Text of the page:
The fire still burns

By Aaron Lyons

 

Athletic Director Terry Barnum knew he wanted to play football at the University of Southern California when he was 6 years old and he and his dad watched the Trojans take on Ohio State at the Rose Bowl.

“I remember just falling in love with the school at that moment and wanting to be a part of it,” he said.

So when Barnum received a scholarship to play at USC, it was obvious to him that he was going to accept it.

Barnum was a standout athlete at Alemany High School, where he played football, and ran track. Barnum thinks that had he not run track, he probably wouldn’t have gotten a scholarship offer to USC.

“The two sports really go hand-in-hand,” Barnum said. “Being fast helps you in football.”

Barnum was recruited to USC as a running back but was switched to a more defensive role by then-head coach Larry Smith. However, after the switch, Barnum was not getting a lot of playing time.

There was a coaching change, and Barnum asked the new coach, John Robinson, if he could switch back to the running back position.

“I decided if I were to not play, I wanted to not play where I was best,” Barnum said. “I thought I was more of an offensive player by nature.”

Barnum was voted team captain during his senior year. He believed it was because people saw him as a leader who could unify all of the players on the team.

In the 1996 Rose Bowl against Northwestern University, Barnum caught a touchdown pass in the second quarter to give the team the momentum it needed to win the game 41-32. It is Barnum’s best memory throughout his football career, he said.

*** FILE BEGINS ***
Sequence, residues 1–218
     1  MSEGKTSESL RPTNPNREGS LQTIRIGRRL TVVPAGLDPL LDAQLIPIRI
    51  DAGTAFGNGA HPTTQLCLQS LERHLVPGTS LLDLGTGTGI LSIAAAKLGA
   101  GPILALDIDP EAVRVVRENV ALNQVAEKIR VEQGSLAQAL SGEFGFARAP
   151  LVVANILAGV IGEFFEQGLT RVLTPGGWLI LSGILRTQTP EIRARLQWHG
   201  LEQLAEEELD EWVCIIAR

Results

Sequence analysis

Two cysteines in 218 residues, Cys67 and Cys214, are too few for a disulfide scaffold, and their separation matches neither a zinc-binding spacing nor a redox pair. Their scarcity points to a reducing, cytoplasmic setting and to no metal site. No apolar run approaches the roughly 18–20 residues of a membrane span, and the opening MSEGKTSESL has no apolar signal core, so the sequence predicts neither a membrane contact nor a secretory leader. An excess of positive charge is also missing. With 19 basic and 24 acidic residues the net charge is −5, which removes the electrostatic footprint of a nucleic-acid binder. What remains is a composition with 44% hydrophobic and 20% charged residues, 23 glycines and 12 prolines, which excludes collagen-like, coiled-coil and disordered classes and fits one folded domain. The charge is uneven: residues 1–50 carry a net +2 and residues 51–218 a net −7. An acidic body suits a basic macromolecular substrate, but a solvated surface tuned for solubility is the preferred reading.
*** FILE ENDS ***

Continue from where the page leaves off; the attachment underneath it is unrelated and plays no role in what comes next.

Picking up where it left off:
Barnum wanted to play football professionally but was not drafted. He just was not big enough or fast enough, Barnum said. Instead, he continued on to graduate school.

He now attends USC games when he can, but it is difficult because of all the Harvard-Westlake sports that go on during the week.

However, he tries to make it to at least one game a year and talks about football with his son.

Brian Flacks ’06 now leads both the boys’ and girls’ water polo programs this year as the new water polo head coach.

The athletic department conducted an extensive search last year and brought in people from around the world in hopes of finding a qualified coach.

In 2004 and 2006, Flacks assisted the Wolverines as a player to two CIF Division I quarterfinals and one CIF Division I semifinal. After high school, he played at University of California, Los Angeles.

There, he red-shirted his freshman year then returned and played in seven games. He scored his only collegiate goal in an 18-3 win over Occidental in the Inland Empire Classic.

Flacks then went on to coach for the Los Angeles Water Polo Club for the past six years and was the graduate assistant for the Loyola Marymount University boys’ team for two years.

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